"We are currently going through a steep learning curve"
Mr Rüegg, where does timber construction stand today in terms of digitalisation?
Timber construction clearly plays a pioneering role in the industry. Digital models are indispensable for the modular and prefabricated construction method that wood brings with it and have therefore been firmly established for almost two decades. Now it is a question of taking this digitalisation in planning to the next level by means of BIM.
What experience have you already gained in this regard?
In the last year and a half, we have realised several exciting and forward-looking timber construction projects together with Implenia, in which BIM has played a central role. For the Krokodil in the new Lokstadt district of Winterthur, for example, a building data model was set up on which all the specialist planners worked together for the first time. A digital model was also used in parallel to conventional planning for the sue&til development, including for cost planning and construction site set-up.
Why is BIM mostly used only in sub-areas and not across entire projects?
BIM is just taking off and we are currently going through a steep learning curve. At the moment, the main focus is on gaining experience, defining processes and identifying potential for improvement. By using traditional and digital planning methods simultaneously, we can work out the advantages of the new way of working and thus lay the foundation for future projects.
What do you see as the biggest hurdles in the use of BIM?
Today, the BIM organisation is usually on the side of the architects. In our view, however, there is a need for a superordinate, specialised body for BIM planning and project organisation. On the one hand, it should not pursue its own interests, and on the other hand, it should know all the interfaces precisely and bring together all the specialist areas.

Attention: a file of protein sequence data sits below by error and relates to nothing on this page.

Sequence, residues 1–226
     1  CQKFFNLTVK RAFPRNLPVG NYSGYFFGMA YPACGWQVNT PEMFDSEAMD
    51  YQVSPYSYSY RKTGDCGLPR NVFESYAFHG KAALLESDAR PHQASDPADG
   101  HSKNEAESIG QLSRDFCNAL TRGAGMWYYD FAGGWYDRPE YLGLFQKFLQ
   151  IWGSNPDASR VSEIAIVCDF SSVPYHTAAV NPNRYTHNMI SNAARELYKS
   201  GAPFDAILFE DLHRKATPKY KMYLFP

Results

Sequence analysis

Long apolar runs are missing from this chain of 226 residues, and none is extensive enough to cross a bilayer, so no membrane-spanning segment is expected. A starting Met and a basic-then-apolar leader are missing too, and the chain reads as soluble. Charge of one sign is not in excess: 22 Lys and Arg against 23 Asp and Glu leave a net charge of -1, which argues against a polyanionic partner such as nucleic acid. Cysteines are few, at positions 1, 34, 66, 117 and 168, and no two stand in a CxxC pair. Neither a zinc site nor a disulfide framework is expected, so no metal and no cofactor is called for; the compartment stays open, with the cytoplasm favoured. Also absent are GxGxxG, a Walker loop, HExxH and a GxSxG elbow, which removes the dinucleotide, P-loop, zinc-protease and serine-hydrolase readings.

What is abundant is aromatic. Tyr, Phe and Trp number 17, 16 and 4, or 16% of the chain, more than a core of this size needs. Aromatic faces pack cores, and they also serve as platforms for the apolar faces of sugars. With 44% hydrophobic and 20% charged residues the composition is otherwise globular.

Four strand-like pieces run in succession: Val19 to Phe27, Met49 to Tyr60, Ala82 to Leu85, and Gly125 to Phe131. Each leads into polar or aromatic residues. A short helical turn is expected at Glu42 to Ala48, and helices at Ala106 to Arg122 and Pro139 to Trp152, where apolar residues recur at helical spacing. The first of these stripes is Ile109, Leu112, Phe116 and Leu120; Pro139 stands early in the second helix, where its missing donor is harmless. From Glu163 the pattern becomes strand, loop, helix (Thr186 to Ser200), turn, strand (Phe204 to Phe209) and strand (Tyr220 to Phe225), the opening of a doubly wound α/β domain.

How can Implenia drive digitalisation in timber construction?
Implenia is one of the few players in the industry with a clear commitment to BIM and thus to digitalisation in construction. In doing so, Implenia is also getting the individual specialist planners, such as ourselves, on board by demanding that they use BIM, but also supporting them in doing so. Combined with the training of relevant experts, Implenia can clearly advance digitalisation in construction in Switzerland - and is already doing so.
How do you see the future of BIM in timber construction?
I am convinced that BIM will continue to gain acceptance. The method ultimately brings benefits to everyone involved - the building owners, planners and all trades. Among other things, it enables efficient coordination of all interfaces and ensures simple data exchange. In addition, problems that could occur during construction can be identified on the model at a very early stage. The bottom line is that quality can be increased and time and costs saved at the same time.